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Here at Neon Creations, showcasing our work to the world and knowing that our clients are forever delighted with their neon art is a big reward for us, as we take pride in each and every one of our creations. This is why we’re always on the lookout for upcoming local events, exhibitions and other forms of promotion, so that we can light up everyone’s world with our uniquely dazzling lifetime compan-eons. With this in mind, we’ll soon be exhibiting at the Northern Restaurant & Bar show on 17th-18th March at Manchester Central where we will unveil a pop-up stall and create our own mini neon wonderland.
If you recall, a couple of weeks ago we highlighted a number of artist exhibitions that have exploited neon’s fluorescent properties to demonstrate the versatility of the noble gas when an electric current is passed through the encasing vacuum tubes. Such applications continue to demonstrate the true diversity of this inert, monatomic gas which is fast becoming a popular fixture throughout the art world, amongst many other commercial uses of course. Due to the sheer number of contemporary artists that work with neon, we felt that our previous post wasn’t extensive enough to truly pay homage to such an artisanal trade, so here we present you another selection of innovative displays.
“You Loved Me Like A Distant Star” (2012)
Despite her mention in our previous post, as a renowned member of the Young British Artists (YBAs) we couldn’t exactly leave her out considering that Tracey Emin has become prevalent in the art world over recent years through her intimate work with neon. Emin’s personal neon works – her ‘I Promise To Love You’ collection – juxtapose elements of her basic, intimate handwritten text, with a pastel coloured neon medium that traditionally serves a more commercial purpose.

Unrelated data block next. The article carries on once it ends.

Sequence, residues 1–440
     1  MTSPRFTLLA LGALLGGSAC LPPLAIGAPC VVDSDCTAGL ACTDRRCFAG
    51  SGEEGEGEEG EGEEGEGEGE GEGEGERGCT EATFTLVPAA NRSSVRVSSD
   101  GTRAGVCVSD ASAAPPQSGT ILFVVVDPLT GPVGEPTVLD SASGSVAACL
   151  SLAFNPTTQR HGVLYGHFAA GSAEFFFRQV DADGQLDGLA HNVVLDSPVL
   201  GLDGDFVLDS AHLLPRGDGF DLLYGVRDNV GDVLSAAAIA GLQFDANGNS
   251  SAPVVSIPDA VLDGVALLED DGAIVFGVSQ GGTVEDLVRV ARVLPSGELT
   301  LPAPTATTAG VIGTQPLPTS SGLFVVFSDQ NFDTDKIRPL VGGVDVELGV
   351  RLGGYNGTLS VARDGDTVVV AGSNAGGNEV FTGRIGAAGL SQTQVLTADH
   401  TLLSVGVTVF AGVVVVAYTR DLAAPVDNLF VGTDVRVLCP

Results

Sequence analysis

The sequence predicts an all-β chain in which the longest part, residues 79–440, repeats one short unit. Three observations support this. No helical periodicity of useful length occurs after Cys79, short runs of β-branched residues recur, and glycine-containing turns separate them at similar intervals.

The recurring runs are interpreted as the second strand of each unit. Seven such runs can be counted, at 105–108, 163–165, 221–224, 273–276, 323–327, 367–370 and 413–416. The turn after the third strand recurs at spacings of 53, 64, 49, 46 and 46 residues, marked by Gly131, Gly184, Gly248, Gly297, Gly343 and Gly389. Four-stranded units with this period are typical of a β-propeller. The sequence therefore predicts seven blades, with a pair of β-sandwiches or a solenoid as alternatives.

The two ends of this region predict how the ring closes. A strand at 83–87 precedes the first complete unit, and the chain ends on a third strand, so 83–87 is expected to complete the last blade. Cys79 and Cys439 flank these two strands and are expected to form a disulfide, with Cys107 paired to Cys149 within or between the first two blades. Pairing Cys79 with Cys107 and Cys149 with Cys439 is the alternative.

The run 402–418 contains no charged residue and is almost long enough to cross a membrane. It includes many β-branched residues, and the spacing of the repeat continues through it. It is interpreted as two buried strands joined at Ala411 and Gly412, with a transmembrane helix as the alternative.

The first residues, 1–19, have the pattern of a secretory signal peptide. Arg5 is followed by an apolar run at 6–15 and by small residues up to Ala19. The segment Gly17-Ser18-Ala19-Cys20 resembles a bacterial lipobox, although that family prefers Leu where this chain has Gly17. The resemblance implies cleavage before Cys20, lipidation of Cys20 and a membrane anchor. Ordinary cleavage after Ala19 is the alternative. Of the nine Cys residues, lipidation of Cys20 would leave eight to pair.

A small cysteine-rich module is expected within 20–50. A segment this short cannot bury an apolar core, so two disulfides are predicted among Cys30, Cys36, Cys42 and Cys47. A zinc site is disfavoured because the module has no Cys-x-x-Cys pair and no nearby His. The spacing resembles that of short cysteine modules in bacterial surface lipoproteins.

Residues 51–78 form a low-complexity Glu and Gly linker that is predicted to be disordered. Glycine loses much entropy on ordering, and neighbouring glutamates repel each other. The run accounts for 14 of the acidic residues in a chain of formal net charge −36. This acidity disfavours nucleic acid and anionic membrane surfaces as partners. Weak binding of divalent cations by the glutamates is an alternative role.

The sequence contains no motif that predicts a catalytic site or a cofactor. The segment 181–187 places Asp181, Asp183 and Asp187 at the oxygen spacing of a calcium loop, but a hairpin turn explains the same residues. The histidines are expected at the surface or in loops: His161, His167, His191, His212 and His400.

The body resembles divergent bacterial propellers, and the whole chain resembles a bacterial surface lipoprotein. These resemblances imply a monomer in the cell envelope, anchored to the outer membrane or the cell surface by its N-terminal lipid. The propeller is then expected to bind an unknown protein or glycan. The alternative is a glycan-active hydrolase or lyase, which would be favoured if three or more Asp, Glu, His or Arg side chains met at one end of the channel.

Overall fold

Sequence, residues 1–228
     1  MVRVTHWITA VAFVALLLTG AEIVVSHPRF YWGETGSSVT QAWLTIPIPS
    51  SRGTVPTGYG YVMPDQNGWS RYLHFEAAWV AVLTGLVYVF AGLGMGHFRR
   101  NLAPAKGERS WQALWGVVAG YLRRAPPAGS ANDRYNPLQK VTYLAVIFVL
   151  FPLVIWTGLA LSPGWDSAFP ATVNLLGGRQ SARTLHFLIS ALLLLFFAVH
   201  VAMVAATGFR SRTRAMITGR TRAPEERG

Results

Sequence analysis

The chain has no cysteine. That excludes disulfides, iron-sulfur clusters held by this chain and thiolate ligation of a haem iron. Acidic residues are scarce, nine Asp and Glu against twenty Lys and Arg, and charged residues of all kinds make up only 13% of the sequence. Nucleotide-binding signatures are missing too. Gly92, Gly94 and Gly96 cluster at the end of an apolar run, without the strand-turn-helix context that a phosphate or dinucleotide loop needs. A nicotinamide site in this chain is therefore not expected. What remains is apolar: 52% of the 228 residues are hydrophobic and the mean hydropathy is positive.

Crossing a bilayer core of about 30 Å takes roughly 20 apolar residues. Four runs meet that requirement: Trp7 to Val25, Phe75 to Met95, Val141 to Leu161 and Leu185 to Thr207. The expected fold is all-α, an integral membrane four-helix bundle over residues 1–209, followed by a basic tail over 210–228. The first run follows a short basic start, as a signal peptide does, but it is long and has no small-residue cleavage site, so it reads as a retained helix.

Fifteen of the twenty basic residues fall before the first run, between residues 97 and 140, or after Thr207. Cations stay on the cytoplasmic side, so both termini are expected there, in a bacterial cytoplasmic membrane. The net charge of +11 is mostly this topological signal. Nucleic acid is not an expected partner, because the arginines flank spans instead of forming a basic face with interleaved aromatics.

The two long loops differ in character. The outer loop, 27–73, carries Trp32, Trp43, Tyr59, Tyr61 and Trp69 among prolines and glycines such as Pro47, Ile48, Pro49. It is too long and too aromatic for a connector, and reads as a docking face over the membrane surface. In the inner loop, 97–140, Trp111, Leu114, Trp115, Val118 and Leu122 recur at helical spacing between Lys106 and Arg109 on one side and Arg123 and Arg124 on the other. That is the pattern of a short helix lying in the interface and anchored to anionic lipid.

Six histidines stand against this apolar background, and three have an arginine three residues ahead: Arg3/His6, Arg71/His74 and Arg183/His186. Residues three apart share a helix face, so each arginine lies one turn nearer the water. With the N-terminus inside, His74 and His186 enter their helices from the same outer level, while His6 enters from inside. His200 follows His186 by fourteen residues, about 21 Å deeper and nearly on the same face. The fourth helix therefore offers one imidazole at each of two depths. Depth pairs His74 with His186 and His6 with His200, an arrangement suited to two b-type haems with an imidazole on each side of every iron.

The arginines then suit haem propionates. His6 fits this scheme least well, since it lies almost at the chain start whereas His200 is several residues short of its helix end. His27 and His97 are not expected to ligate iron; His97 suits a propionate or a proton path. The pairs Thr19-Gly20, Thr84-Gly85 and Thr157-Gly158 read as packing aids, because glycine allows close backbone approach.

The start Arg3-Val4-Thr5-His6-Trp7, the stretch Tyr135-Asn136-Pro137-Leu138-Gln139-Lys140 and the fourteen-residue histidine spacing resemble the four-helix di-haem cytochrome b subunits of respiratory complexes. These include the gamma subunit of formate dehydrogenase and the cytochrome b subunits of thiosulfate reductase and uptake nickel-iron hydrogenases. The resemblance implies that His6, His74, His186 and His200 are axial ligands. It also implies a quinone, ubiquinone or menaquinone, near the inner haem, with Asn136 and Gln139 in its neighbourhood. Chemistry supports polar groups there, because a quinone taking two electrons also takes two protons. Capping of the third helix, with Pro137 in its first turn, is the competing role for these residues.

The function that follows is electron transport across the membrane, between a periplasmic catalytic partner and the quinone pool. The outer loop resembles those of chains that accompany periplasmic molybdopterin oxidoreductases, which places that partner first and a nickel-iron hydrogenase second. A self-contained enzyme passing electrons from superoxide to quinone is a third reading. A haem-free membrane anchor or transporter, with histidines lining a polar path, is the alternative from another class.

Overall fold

Emin’s neon workshop (2012)
“The Diagonal of May 25, 1963” (1963)
Another majorly influential neon artist also mentioned in our previous post is the particularly notable Dan Flavin, whose pioneering contemporary neon art works became icons of Minimalism. With a career spanning over 30 years, his light installations presented immersive “situations” to the viewer through the use of fluorescent lighting; often seen spanning corners, to engage with the architecture of the space. His wall- and floor-mounted, site-specific tubes were arranged in both intersecting and parallel lines to emit an unorthodox display of conventional light, as it glowingly illuminated the space in which it occupied.
“Light and Space” (2007)
As a leading innovator in the California Light and Space Movement, Robert Irwin initially began his career as a painter but turned to installations to create much more powerful works with fluorescent lighting. While his pieces adapted a less Minimalistic approach than Flavin, Irwin’s installations played with the use of geometric shapes to exemplify how light emitted from various angles can create stunning displays which affect the surrounding environment and the viewer’s perceptions.
“Gypsy Switch” (2010)